North Dakota Figures Prominently in This Debate: Health Care With PM-Clinton Bjt
Aug. 04, 1994
WASHINGTON (AP) _ Sen. Kent Conrad's home state of North Dakota has only 600,000 people. But his seat on a key committee has made the state the center of attention in the nation's debate over health care reform.
At least a half-dozen groups on all sides of the issue have bought thousands of dollars worth of newspaper, television and radio ads in North Dakota and a handful of other states with swing votes in the Senate.
Conrad, a moderate Democrat, is a member of the pivotal Senate Finance Committee. He's up for re-election this year and he's considered influential with other senators, including North Dakota's other senator, Byron Dorgan, also a Democrat.
''It's important to go duck-hunting where the ducks are,'' said Brent Bahler, a spokesman for Citizens for a Sound Economy, an anti-tax group that is running radio ads in North Dakota attacking the Democratic health plans.
The ad urges listeners to ''get on the horn to Senator Conrad and tell him that a Clinton-like plan for government-controlled health care is a risk we just can't afford.''
The group has bought air time for similar ads in Oklahoma, New Jersey, Louisiana and Nebraska.
On the other side, the Health Care Reform Project has bought newspaper and radio advertisements attacking the Pizza Hut restaurant chain for opposing employer-paid health insurance, something it provides its workers overseas.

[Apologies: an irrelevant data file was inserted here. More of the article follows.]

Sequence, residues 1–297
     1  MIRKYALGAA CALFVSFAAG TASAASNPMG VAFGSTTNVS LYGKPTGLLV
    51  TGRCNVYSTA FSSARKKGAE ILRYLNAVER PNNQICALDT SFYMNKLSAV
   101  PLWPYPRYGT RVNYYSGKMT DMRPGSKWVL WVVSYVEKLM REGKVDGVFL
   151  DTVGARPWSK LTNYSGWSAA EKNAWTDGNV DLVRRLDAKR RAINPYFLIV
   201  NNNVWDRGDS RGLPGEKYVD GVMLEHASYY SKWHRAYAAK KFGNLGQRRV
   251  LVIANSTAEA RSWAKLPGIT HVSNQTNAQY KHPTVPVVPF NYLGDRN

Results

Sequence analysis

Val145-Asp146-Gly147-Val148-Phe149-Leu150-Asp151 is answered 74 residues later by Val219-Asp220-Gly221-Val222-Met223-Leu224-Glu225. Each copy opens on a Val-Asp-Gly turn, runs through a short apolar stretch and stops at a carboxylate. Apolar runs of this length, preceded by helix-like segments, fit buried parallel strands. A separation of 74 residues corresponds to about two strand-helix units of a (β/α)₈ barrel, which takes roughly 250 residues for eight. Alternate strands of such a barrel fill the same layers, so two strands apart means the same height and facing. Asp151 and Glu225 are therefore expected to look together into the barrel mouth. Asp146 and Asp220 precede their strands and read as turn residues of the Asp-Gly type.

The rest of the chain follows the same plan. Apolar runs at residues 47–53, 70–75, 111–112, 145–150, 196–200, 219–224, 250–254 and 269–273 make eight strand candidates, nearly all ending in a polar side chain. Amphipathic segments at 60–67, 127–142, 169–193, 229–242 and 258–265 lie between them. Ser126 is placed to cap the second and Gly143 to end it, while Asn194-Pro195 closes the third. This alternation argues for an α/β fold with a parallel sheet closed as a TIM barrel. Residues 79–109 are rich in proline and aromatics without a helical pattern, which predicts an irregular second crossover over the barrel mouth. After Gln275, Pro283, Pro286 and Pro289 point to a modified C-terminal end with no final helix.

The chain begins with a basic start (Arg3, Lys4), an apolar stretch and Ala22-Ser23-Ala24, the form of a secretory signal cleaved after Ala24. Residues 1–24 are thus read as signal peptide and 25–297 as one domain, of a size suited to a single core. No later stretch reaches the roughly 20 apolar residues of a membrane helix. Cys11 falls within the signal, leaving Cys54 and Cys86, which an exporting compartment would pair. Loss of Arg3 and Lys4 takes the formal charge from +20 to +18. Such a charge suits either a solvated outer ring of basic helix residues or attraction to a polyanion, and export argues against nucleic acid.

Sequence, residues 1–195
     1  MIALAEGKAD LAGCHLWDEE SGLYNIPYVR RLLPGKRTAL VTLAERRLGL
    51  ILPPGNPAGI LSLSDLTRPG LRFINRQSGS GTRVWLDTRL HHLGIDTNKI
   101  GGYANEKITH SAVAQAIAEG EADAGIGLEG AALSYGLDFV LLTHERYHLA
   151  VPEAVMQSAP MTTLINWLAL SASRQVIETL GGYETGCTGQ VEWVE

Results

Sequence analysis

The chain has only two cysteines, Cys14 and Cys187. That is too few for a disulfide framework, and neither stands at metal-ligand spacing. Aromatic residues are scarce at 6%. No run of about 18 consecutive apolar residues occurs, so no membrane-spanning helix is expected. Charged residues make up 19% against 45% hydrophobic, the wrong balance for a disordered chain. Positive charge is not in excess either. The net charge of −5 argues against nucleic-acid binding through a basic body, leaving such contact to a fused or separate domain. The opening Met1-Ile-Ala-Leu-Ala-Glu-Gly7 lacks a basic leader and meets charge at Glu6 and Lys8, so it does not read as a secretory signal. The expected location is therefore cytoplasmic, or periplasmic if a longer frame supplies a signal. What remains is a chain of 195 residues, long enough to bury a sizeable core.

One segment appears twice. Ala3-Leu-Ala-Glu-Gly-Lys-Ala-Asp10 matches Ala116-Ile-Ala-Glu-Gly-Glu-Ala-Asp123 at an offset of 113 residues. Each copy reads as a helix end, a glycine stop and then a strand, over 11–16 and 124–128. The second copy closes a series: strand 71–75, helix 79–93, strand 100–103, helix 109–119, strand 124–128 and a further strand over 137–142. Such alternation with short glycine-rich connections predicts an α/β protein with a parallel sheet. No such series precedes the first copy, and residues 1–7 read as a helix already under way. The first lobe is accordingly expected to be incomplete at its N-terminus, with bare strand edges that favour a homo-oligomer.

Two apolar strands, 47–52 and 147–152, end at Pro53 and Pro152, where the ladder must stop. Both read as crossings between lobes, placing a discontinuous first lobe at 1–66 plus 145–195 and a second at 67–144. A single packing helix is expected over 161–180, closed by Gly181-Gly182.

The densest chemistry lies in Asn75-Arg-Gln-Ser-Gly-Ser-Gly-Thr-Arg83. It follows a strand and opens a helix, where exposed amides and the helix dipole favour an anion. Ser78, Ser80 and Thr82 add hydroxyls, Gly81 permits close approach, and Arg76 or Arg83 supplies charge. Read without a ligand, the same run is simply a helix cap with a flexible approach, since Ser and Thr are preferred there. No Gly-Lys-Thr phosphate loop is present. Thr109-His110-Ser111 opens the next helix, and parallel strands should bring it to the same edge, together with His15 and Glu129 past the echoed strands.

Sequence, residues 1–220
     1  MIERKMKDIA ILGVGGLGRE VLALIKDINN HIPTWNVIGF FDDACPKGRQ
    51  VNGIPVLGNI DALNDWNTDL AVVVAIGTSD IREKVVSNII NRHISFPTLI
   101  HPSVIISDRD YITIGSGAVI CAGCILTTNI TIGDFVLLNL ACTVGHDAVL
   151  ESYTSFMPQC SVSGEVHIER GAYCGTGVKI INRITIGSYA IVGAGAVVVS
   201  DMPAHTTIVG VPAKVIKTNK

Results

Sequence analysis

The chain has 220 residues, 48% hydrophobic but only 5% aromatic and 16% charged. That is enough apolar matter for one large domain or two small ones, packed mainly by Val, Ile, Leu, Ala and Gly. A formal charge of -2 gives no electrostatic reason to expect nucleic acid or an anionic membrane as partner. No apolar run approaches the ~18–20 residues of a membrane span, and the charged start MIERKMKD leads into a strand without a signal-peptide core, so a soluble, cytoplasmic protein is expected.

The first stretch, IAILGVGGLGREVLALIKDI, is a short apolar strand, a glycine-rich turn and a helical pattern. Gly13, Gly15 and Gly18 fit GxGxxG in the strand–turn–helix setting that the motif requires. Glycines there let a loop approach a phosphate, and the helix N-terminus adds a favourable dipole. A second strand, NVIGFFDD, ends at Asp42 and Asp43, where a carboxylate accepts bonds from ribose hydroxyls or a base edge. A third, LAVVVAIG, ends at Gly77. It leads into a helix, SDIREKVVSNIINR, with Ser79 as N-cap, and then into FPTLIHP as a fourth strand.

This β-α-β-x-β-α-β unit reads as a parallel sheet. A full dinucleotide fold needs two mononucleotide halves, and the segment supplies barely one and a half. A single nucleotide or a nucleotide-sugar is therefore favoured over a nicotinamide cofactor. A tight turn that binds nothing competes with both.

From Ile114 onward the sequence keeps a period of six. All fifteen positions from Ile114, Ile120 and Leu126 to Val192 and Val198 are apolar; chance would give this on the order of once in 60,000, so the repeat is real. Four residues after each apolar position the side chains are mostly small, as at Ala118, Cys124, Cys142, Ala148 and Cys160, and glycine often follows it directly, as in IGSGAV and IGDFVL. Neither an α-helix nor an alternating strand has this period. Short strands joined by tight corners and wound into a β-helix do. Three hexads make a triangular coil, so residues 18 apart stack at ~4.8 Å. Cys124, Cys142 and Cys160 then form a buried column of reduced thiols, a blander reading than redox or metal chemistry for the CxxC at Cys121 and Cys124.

''No matter how you slice it ... Pizza Hut does not deliver the same health benefits in America as it does in Germany and Japan,'' said an ad that ran in the Bismarck Tribune on Tuesday. The ad listed Conrad's and Dorgan's telephone numbers.
Other groups that have bought ads in the state include the National Restaurant Association and the Healthcare Leadership Council, a group of health industry executives.
''If we can make something happen with Conrad, it's worth perhaps three or four votes in Senate,'' said Dan Dougherty, a field worker for the Health Care Reform Project, an organization of unions, large companies and health care providers.
The group, which sent Dougherty to the state to organize pressure on Conrad, wants Congress to guarantee health insurance to everyone and require employers to provide it.
''How I view my object here is to try to create a climate where the senator is emboldened to come out for those two positions, something that has been hard for him to do in this environment since the first of the year,'' Dougherty said.
Health care reform has never been as hot an issue in North Dakota as in some other states.
There is strong opposition to making employers pay, and 90 percent of North Dakotans already have health insurance. There is worry about the move nationally toward ''managed care'' plans that limit the choice of doctors and hospitals. Most North Dakotans are insured through a single company, Blue Cross-Blue Shield, which has no such restrictions.
Dorgan dismisses the media blitz as ''background noise.''
''People in North Dakota are very independent,'' Conrad said. ''They call and say what they want to talk about, not what some group is telling them to say.''